In what is being described as the most substantial overhaul of U.S. patent law in nearly 60 years, Congress passed the Leahy-Smith America Invents Act, patent reform legislation that has been years in the making. The act will have long-term impact on the processes for filing patent applications, the granting and re-examination of patents, particularly business method and technology patents, and the funding of the U.S. Patent and Trademark Office (PTO). The act has been presented to President Barack Obama for his signature, and he is expected to sign the act within days.
Patent reform has seen a long and arduous journey through Congress with several detours dictated by decisions of the U.S. Supreme Court. The need for restructuring the patent application, review, and enforcement processes became critical as controversial new technology and business method patents were granted throughout the 1990s and early 2000s. Patents granted for both legitimate and questionable new technologies were often being used by inventors and so-called “patent trolls” to impede the development and use of technologies. A classic example of this occurred when RIM, the maker of the BlackBerry mobile device, paid $600 million to a small company for allegedly infringing on one of the company’s patents. A determination of infringement could have shut the BlackBerry network down. However, even while this was occurring, the PTO was reviewing the patent in question to determine whether it had been validly issued.
This, along with a backlog reportedly reaching as high as 700,000 patent applications and inconsistencies between the U.S. patent process and other processes used around the world, triggered the beginnings of the reform process in 2005. Proposals were introduced in Congress in 2005, 2007, and 2009 but to no available. Congress regrouped and started a new push in 2011.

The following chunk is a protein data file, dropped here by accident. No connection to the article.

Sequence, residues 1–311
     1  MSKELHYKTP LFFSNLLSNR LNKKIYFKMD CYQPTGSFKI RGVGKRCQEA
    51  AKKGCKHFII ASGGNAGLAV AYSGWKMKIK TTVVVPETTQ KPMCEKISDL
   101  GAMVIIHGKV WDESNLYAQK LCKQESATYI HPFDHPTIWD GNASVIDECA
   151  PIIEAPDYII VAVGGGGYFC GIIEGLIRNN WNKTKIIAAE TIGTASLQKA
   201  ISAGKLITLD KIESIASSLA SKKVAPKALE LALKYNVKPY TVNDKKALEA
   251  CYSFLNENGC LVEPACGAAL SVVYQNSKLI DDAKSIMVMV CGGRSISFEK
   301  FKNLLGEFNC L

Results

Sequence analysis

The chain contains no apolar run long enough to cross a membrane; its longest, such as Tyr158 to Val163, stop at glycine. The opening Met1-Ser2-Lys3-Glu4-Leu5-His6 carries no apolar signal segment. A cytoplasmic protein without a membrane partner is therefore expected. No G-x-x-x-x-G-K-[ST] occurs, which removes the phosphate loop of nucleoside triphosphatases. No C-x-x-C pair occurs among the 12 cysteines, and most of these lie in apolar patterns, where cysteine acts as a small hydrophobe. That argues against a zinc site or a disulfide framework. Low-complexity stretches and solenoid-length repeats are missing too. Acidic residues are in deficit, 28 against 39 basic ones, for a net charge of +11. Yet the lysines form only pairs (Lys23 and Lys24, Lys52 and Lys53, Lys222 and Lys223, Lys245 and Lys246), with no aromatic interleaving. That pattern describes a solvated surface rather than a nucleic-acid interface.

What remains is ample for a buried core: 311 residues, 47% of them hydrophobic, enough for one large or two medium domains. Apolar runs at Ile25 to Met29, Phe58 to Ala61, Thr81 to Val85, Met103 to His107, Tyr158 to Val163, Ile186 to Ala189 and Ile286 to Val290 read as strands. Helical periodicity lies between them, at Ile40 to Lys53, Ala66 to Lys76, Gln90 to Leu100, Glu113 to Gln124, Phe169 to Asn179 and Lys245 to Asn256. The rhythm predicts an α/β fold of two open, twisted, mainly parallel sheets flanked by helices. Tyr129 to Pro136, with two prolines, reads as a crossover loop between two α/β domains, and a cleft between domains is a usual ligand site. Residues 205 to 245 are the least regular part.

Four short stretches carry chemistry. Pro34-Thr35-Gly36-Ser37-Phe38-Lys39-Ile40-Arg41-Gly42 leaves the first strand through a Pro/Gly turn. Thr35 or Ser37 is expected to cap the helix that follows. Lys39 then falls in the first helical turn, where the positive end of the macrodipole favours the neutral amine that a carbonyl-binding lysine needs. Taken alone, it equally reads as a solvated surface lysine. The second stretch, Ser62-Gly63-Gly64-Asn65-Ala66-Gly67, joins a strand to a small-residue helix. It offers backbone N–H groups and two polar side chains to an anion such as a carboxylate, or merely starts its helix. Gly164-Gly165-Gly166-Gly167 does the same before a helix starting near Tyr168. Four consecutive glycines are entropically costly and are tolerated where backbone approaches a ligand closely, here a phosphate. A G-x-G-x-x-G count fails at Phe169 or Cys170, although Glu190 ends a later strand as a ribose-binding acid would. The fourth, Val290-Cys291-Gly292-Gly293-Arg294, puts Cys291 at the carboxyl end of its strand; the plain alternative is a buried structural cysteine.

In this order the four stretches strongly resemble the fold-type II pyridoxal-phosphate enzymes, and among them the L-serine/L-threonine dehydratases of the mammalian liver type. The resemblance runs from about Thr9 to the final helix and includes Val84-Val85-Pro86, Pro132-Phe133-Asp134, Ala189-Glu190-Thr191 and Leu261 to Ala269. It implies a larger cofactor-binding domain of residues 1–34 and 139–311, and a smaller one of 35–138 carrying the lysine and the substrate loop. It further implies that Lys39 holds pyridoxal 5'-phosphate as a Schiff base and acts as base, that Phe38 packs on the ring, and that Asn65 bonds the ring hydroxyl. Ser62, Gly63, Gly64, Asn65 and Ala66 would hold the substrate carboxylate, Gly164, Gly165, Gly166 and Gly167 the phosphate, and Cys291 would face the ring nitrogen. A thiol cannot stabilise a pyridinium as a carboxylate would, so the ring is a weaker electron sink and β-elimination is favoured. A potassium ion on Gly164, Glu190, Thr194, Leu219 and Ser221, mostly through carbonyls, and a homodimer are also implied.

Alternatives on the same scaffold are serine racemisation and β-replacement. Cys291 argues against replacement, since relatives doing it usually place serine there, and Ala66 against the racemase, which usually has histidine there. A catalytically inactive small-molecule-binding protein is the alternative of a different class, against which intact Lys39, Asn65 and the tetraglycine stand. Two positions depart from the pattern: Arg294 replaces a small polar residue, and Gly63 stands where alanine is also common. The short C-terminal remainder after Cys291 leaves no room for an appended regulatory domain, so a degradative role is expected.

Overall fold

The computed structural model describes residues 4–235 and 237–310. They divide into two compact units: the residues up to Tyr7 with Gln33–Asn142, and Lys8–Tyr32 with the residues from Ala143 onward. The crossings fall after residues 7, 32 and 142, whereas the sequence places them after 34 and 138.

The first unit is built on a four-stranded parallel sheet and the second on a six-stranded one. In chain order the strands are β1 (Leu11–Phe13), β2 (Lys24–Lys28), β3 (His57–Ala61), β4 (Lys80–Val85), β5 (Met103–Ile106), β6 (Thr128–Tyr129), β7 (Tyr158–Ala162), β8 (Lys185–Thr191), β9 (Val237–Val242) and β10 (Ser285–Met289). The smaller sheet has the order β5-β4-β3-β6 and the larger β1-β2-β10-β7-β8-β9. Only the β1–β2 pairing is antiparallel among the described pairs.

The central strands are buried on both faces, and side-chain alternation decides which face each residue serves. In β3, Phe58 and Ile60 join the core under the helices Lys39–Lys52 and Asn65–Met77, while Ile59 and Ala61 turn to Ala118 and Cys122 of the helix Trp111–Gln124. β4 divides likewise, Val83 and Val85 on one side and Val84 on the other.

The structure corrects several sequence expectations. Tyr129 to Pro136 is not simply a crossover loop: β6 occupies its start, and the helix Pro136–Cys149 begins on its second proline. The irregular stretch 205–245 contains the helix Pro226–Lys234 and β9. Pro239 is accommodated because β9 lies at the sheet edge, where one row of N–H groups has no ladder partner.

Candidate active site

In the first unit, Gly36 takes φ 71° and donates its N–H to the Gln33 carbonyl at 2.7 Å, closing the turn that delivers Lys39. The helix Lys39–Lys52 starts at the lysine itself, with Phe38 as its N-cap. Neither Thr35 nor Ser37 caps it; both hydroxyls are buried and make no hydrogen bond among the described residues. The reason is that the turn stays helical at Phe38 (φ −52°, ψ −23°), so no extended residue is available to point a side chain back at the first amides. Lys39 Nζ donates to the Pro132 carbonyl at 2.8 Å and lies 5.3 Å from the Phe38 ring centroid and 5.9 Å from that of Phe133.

Some changes in the courts may have helped by clearing up some of the more controversial provisions of earlier reform bills. The Supreme Court restructured a controversial damages provision that allowed a victim of patent infringement to get an injunction against any use of his or her patent. (Supreme Court decision in eBay v. MercExchange LLC, on patent injunctions.) As in the BlackBerry case, this potentially allowed the owner of one patent among the dozens or hundreds of patents used in a particular device or service to shut down the entire device or service. The court’s decision now allows judges to take into consideration the proportion of the infringing patent to the device/service as a whole before determining an injunction. A second Supreme Court case permitted the continued use of controversial business method patents, but imposed some additional requirements that were seen as restraining the worst abuses (Supreme Court decision in Bilski v. Kappos, on business method patents).
The new act, being politically presented as supporting American technology and creating jobs, addresses several key problems that remained a part of the patent process. One of the most significant changes is the establishment of a “First to File” standard for patent applications.